Driving pressure (ΔP) and mechanical power (MP) are associated with outcomes in critically ill patients, irrespective of the presence of Acute Respiratory Distress Syndrome (ARDS). INTELLiVENT-ASV, a fully automated ventilatory mode, controls the settings that affect ΔP and MP. This study compared the intensity of ventilation (ΔP and MP) with INTELLiVENT-ASV versus conventional ventilation in a cohort of COVID-19 ARDS patients in two intensive care units in the Netherlands. The coprimary endpoints were ΔP and MP before and after converting from conventional ventilation to INTELLiVENT-ASV. Compared to conventional ventilation, INTELLiVENT-ASV delivered ventilation with a lower ΔP and less MP. With conventional ventilation, ΔP was 13 cmH2O, and MP was 21.5 and 24.8 J/min, whereas with INTELLiVENT-ASV, ΔP was 11 and 10 cmH2O (mean difference -2 cm H2O (95 %CI -2.5 to -1.2 cm H2O), p < 0.001) and MP was 18.8 and 17.5 J/min (mean difference -7.3 J/Min (95% CI -8.8 to -5.8 J/min), p < 0.001). Conversion from conventional ventilation to INTELLiVENT-ASV resulted in a lower intensity of ventilation. These findings may favor the use of INTELLiVENT-ASV in COVID-19 ARDS patients, but future studies remain needed to see if the reduction in the intensity of ventilation translates into clinical benefits.

9.
J Clin Med ; 10(20)2021 Oct 19.
Article in English | MEDLINE | ID: covidwho-1488624

ABSTRACT

We describe the incidence and practice of prone positioning and determined the association of use of prone positioning with outcomes in invasively ventilated patients with acute respiratory distress syndrome (ARDS) due to coronavirus disease 2019 (COVID-19) in a national, multicenter observational study, performed at 22 intensive care units in the Netherlands. Patients were categorized into 4 groups, based on indication for and actual use of prone positioning. The primary outcome was 28-day mortality. Secondary endpoints were 90-day mortality, and ICU and hospital length of stay. In 734 patients, prone positioning was indicated in 60%-the incidence of prone positioning was higher in patients with an indication than in patients without an indication for prone positioning (77 vs. 48%, p = 0.001). Patients were left in the prone position for median 15.0 (10.5-21.0) hours per full calendar day-the duration was longer in patients with an indication than in patients without an indication for prone positioning (16.0 (11.0-23.0) vs. 14.0 (10.0-19.0) hours, p < 0.001). Ventilator settings and ventilation parameters were not different between the four groups, except for FiO2 which was higher in patients having an indication for and actually receiving prone positioning. Our data showed no difference in mortality at day 28 between the 4 groups (HR no indication, no prone vs. no indication, prone vs. indication, no prone vs. indication, prone: 1.05 (0.76-1.45) vs. 0.88 (0.62-1.26) vs. 1.15 (0.80-1.54) vs. 0.96 (0.73-1.26) (p = 0.08)). Factors associated with the use of prone positioning were ARDS severity and FiO2. The findings of this study are that prone positioning is often used in COVID-19 patients, even in patients that have no indication for this intervention. Sessions of prone positioning lasted long. Use of prone positioning may affect outcomes.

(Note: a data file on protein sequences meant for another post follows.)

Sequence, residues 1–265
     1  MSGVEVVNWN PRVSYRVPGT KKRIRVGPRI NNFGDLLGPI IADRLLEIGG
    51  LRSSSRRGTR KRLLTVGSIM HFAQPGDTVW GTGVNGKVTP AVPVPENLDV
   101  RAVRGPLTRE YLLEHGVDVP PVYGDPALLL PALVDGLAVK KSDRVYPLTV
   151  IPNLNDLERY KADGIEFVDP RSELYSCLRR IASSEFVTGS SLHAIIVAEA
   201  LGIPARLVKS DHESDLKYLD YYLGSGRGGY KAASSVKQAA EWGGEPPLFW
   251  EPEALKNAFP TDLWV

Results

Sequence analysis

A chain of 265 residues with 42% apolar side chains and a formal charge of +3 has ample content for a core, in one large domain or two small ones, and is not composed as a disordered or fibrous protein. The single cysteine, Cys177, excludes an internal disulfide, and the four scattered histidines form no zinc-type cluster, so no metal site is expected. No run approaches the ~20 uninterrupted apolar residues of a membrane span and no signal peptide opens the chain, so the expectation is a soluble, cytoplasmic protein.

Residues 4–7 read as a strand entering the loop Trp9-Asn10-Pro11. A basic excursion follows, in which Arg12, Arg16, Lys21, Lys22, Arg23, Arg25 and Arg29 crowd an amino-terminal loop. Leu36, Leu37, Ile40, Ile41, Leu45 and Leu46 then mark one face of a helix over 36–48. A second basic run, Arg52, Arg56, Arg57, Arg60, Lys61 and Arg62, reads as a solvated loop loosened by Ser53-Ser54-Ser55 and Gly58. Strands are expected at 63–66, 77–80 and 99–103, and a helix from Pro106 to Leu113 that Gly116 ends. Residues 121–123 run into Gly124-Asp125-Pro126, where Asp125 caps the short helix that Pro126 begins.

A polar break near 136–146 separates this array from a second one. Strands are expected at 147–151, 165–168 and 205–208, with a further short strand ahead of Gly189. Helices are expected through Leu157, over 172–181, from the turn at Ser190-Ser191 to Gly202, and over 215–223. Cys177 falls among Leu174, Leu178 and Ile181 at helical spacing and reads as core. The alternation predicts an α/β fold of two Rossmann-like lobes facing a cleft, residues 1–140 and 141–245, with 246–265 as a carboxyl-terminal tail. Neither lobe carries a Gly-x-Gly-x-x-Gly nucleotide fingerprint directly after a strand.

10.
Lancet Respir Med ; 9(12): 1377-1386, 2021 12.
Article in English | MEDLINE | ID: covidwho-1466986

ABSTRACT

BACKGROUND: Patients with COVID-19-related acute respiratory distress syndrome (ARDS) have been postulated to present with distinct respiratory subphenotypes. However, most phenotyping schema have been limited by sample size, disregard for temporal dynamics, and insufficient validation. We aimed to identify respiratory subphenotypes of COVID-19-related ARDS using unbiased data-driven approaches. METHODS: PRoVENT-COVID was an investigator-initiated, national, multicentre, prospective, observational cohort study at 22 intensive care units (ICUs) in the Netherlands. Consecutive patients who had received invasive mechanical ventilation for COVID-19 (aged 18 years or older) served as the derivation cohort, and similar patients from two ICUs in the USA served as the replication cohorts. COVID-19 was confirmed by positive RT-PCR. We used latent class analysis to identify subphenotypes using clinically available respiratory data cross-sectionally at baseline, and longitudinally using 8-hourly data from the first 4 days of invasive ventilation. We used group-based trajectory modelling to evaluate trajectories of individual variables and to facilitate potential clinical translation. The PRoVENT-COVID study is registered with ClinicalTrials.gov, NCT04346342. FINDINGS: Between March 1, 2020, and May 15, 2020, 1007 patients were admitted to participating ICUs in the Netherlands, and included in the derivation cohort. Data for 288 patients were included in replication cohort 1 and 326 in replication cohort 2. Cross-sectional latent class analysis did not identify any underlying subphenotypes. Longitudinal latent class analysis identified two distinct subphenotypes. Subphenotype 2 was characterised by higher mechanical power, minute ventilation, and ventilatory ratio over the first 4 days of invasive mechanical ventilation than subphenotype 1, but PaO2/FiO2, pH, and compliance of the respiratory system did not differ between the two subphenotypes. 185 (28%) of 671 patients with subphenotype 1 and 109 (32%) of 336 patients with subphenotype 2 had died at day 28 (p=0·10). However, patients with subphenotype 2 had fewer ventilator-free days at day 28 (median 0, IQR 0-15 vs 5, 0-17; p=0·016) and more frequent venous thrombotic events (109 [32%] of 336 patients vs 176 [26%] of 671 patients; p=0·048) compared with subphenotype 1. Group-based trajectory modelling revealed trajectories of ventilatory ratio and mechanical power with similar dynamics to those observed in latent class analysis-derived trajectory subphenotypes. The two trajectories were: a stable value for ventilatory ratio or mechanical power over the first 4 days of invasive mechanical ventilation (trajectory A) or an upward trajectory (trajectory B). However, upward trajectories were better independent prognosticators for 28-day mortality (OR 1·64, 95% CI 1·17-2·29 for ventilatory ratio; 1·82, 1·24-2·66 for mechanical power). The association between upward ventilatory ratio trajectories (trajectory B) and 28-day mortality was confirmed in the replication cohorts (OR 4·65, 95% CI 1·87-11·6 for ventilatory ratio in replication cohort 1; 1·89, 1·05-3·37 for ventilatory ratio in replication cohort 2). INTERPRETATION: At baseline, COVID-19-related ARDS has no consistent respiratory subphenotype. Patients diverged from a fairly homogenous to a more heterogeneous population, with trajectories of ventilatory ratio and mechanical power being the most discriminatory. Modelling these parameters alone provided prognostic value for duration of mechanical ventilation and mortality. FUNDING: Amsterdam UMC.